Coproducing flood risk management through citizen involvement : insights from cross-country comparison in EuropeCoproducing flood risk management through citizen involvement : insights from cross-country comparison in Europe
Faculty of Social Sciences. Sociology
Society and Environment
Ecology and Society
21(2016):3, p. 1-14
University of Antwerp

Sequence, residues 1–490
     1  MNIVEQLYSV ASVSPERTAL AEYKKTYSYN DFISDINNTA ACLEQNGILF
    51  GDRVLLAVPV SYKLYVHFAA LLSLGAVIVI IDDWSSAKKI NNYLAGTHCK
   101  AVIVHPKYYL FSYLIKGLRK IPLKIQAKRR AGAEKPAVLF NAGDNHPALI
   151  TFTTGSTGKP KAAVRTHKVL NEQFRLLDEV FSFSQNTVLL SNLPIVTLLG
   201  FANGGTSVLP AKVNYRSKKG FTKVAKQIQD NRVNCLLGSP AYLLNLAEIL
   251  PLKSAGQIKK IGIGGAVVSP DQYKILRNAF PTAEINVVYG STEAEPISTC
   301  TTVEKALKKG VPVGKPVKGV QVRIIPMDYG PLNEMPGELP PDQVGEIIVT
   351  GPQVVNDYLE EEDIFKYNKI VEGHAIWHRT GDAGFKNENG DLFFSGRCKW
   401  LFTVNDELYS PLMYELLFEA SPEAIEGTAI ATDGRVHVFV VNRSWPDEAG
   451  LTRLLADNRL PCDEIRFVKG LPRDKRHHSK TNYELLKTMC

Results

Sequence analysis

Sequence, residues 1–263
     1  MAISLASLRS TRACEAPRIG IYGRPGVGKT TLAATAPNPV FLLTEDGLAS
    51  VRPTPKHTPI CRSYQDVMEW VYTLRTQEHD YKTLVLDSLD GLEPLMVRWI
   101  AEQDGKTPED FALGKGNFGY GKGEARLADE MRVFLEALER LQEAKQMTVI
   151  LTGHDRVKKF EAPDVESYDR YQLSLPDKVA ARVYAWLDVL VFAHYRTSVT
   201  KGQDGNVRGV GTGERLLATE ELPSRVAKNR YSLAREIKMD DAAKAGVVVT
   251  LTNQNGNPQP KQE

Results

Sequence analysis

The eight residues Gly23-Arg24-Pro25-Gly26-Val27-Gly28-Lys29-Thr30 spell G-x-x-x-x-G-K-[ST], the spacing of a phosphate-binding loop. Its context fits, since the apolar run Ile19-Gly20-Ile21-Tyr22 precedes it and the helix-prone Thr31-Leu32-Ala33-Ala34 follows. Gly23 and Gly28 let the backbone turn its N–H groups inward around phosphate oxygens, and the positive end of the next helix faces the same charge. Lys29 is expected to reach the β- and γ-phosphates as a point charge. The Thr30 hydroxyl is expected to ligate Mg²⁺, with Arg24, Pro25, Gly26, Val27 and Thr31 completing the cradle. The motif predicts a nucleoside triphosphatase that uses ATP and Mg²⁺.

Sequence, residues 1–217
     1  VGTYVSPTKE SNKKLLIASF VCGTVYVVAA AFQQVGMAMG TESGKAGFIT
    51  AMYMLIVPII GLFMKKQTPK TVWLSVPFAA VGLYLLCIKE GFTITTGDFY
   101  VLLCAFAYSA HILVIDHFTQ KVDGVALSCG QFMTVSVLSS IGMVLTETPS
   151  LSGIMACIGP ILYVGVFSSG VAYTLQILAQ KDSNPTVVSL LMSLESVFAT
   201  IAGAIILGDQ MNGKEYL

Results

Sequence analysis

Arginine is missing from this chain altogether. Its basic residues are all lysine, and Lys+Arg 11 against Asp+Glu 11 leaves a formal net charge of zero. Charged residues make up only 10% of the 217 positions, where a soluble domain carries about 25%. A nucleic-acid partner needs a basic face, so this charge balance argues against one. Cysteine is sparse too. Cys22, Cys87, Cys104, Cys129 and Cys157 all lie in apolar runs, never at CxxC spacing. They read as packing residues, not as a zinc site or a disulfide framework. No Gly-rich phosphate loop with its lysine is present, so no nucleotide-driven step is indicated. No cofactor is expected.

Across Europe, citizens are increasingly expected to participate in the implementation of flood risk management (FRM), by engaging in voluntary-based activities to enhance preparedness, implementing property-level measures, and so forth. Although citizen participation in FRM decision making is widely addressed in academic literature, citizens involvement in the delivery of FRM measures is comparatively understudied. Drawing from public administration literature, we adopted the notion of coproduction as an analytical framework for studying the interaction between citizens and public authorities, from the decision-making process through to the implementation of FRM in practice. We considered to what extent coproduction is evident in selected European Union (EU) member states, drawing from research conducted within the EU project STAR-FLOOD (Strengthening and Redesigning European Flood Risk Practices towards Appropriate and Resilient Flood Risk Governance Arrangements). On the basis of a cross-country comparison between Flanders (Belgium), England (United Kingdom), France, the Netherlands, and Poland, we have highlighted the varied forms of coproduction and reflected on how these have been established within divergent settings. Coproduction is most prominent in discourse and practice in England and is emergent in France and Flanders. By contrast, FRM in the Netherlands and Poland remains almost exclusively reliant on governmental protection measures and thereby consultation-based forms of coproduction. Analysis revealed how these actions are motivated by different underlying rationales, which in turn shape the type of approaches and degree of institutionalization of coproduction. In the Netherlands, coproduction is primarily encouraged to increase societal resilience, whereas public authorities in the other countries also use it to improve cost-efficiency and redistribute responsibilities to its beneficiaries.